A colleague at work showed me a form that one of her clients — a prospective tenant– had been asked to sign by a property management company. In it, the tenant agreed they could be required to pay the landlord’s arrears of condo fees. “Why would anyone in their right mind sign this?” she asked me.
But it turns out that a tenant can, in fact, be called on to pay a condo owner’s arrears.
The condominium corporation has the right to require the tenant to pay under s. 87 of the Condominium Act. Here’s what the legislation says:
Default with respect to leased unit
87 (1) If an owner who has leased a unit defaults in the obligation to contribute to the common expenses payable for the owner’s unit, the corporation may, by written notice to the lessee, require the lessee to pay to the corporation the lesser of the amount of the default and the amount of the rent due under the lease.
And if you think about it, that makes sense. If someone doesn’t pay the arrears, the condo corporation can take steps to take back the unit, which means the tenant would be evicted.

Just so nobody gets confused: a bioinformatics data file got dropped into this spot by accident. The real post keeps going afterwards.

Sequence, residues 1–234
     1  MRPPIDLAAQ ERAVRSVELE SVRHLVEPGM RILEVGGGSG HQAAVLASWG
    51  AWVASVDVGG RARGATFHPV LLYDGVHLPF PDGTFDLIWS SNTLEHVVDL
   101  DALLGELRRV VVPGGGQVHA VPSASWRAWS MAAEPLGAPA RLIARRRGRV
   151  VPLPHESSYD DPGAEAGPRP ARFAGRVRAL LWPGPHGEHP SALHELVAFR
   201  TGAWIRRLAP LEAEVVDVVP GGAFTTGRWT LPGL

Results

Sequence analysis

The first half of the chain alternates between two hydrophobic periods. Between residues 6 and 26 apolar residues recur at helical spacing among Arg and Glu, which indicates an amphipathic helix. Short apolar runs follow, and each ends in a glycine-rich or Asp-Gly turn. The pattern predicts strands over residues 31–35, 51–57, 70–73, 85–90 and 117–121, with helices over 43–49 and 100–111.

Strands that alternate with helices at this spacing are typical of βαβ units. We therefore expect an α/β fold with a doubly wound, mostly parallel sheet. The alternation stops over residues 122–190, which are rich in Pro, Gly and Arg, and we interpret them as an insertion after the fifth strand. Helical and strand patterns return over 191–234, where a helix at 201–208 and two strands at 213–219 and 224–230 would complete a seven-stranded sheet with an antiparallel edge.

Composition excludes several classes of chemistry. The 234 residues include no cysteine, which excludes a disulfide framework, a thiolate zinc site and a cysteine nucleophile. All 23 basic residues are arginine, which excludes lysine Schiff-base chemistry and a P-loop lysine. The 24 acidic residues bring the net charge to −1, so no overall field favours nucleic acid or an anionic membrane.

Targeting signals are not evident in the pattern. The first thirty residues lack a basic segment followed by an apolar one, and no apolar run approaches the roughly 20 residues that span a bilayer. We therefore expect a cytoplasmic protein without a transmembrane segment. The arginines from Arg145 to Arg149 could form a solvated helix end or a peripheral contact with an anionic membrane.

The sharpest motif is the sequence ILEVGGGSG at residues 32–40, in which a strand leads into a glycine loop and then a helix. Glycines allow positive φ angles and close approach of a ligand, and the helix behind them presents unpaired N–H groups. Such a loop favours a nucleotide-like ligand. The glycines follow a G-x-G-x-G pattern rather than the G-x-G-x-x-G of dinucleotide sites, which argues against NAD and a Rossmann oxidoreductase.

By requiring the tenant to pay the arrears or the rent, which is ever is less, to the condo corporation, the tenant gets to stay. But in almost all cases, the rent will be more than the monthly condo fees.
If a tenant does pay the arrears, the good news is that they are deemed to be rent, so really all that changes is that instead of paying that portion of the rent to the landlord, the tenant pays it to the condo corporation. Again, there’s what the legislation says (same section):
No default in lease
(6) The payment to the corporation shall constitute payment towards rent under the lease and the lessee shall not by reason only of the payment to the corporation be considered to be in default of an obligation in the lease.
After being served with written notice, the tenant pays the landlord’s arrears, the tenant gets to stay in the unit, the landlord doesn’t lose the unit for non-payment, and the condo corporation gets paid. It’s actually an elegant solution!